Selweski: Candidate Pushes Conspiracies and Video Calling Orlando Deaths 'Hoax'





Chad Selweski covered state and regional politics for The Macomb Daily for nearly 30 years. He contributes to Deadline Detroit and blogs at Politically Speaking.

By Chad Selweski

A candidate running for a state House seat in Macomb County, who works as a senior intelligence analyst for a Defense Department contractor, has urged his friends and supporters to view a video he posted online that claims the mass shooting in Orlando was a hoax. 

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Michael Shallal

Two days after the massacre at The Pulse night club that killed 49 people and wounded 53 more, Sterling Heights Republican Michael Shallal posted a YouTube video on Facebook with this title: “100% PROOF Orlando Shooting Was a STAGED HOAX...This Is All You Need To See.”

Shallal tells Facebook followers: “Did anyone see this video? Not sure, but very interesting facts.”

The narrator of the 6½-minute, profanity-laced video, which shows news footage filmed outside the club, suggests that wounded victims are actors. The video, played nearly 720,000 times in 13 days, draws comments insisting doctors tending to the injured were fake and that grieving relatives of those reported killed were a part of the conspiracy. Other comments sharply criticize people for believing the conspiracy theory. 

Shallal has also engaged in other online comments and sharing of items that are controversial, if not extremist. The list of subjects is practically a what's what of fear-mongering conspiracy theories: fluoride in the drinking water, vaccines injected in kids, chemtrails in the air, smart meters in houses, and Muslims coming into America.

Fringe theorists believe the shootings in Orlando and in Newtown, Conn., in 2012 were staged by the government as a pretext for confiscating Americans’ firearms. At least 16 other videos also claim the tragedy was fiction.

Shallal is a member of the National Rifle Association. When questioned by Deadline Detroit, he backpedals, insisting that he does not believe The Pulse massacre was a hoax.

“I shared a video. Someone mentioned it to me and I thought it was interesting,” the candidate says, characterizing the video as “not relevant” to his campaign.

Primary Competition

Shallal is running in the August GOP primary for an open seat in the 30th House District, a territory that includes the western half of Sterling Heights, Utica and a portion of Shelby Township.

He faces three other Republicans, including Diana Farrington, wife of 30th District Rep. Jeff Farrington, R-Utica, who is term-limited and cannot run again. In addition, two Democrats seek their party’s nomination Aug. 2.

Shallal has worked with contractors with the U.S. military in the Middle East and has held various Department of Defense contractor jobs. He is currently working as an analyst for a Defense Department contractor, and his campaign website says that he holds "a prominent government security clearance." His campaign literature features a photo of him in military fatigues, though he did not actually serve in the military. (An earlier version of this column incorrectly said he did serve in the military).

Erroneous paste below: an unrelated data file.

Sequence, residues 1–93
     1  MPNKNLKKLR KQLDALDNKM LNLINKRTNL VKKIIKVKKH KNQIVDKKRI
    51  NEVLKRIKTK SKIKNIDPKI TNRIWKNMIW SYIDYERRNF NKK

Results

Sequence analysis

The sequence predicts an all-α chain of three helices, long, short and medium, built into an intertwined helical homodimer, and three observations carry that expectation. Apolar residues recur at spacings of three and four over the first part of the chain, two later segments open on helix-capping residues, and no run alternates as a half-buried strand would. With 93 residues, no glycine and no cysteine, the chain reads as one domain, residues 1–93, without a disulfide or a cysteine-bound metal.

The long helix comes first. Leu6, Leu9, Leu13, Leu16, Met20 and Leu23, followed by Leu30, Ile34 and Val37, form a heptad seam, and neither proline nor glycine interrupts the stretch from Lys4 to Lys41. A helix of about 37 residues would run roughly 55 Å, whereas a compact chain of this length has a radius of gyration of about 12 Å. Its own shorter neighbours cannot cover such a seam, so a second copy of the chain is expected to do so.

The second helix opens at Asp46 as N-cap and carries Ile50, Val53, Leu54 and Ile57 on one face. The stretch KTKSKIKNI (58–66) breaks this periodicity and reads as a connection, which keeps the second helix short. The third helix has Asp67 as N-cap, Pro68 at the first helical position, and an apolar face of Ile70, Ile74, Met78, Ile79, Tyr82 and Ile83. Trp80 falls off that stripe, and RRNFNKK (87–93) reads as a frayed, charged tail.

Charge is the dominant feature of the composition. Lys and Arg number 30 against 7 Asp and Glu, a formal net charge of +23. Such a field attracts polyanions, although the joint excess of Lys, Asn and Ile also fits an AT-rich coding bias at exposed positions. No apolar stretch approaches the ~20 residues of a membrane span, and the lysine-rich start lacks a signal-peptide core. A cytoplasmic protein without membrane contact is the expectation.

Shallal’s chances of winning the 30th District race may hinge on his ability to secure broad support from fellow Chaldeans – Iraqi Christians. The district features a relatively large Chaldean population, particularly along the Dequindre Road border.

Shallal’s two Facebook pages – one a personal page, the other for his candidacy – offer an array of items related to conspiracy theories:

  • Posts that says “smart meters” installed by utilities for electricity use billing cause severe health problems.
  • Numerous anti-Muslim posts, One claims President Obama is sneaking Muslims into the country as refugees.
  • A link to a site that insists many bottled water brands have unsafe fluoride levels.
  • A site’s assertion that the Los Angeles Public Schools teaching that Allah is the one true God.
  •  An article that accuses NASA of spewing dangerous chemicals, known as “chemtrails,” into the atmosphere to alter people’s brains.
  • A story that declares the routine assurances indicating that child vaccines are safe is based on “fraudulent science.”
  • Posts that support Ammon Bundy, the rebel rancher who took control of a building on federal land in Oregon last January in a four-week standoff that resulted in one death. 

Making his third run for office in Macomb County, Shallal apparently is disavowed by some Republican insiders. Joe Munem, a former longtime campaign consultant from Sterling Heights, said he believes GOP voters will shun Shallal on Aug. 2.

“Michael Shallal is not a serious candidate,” Munem said. “He is yet another nut in a bumper crop of nuts running for office this year.”







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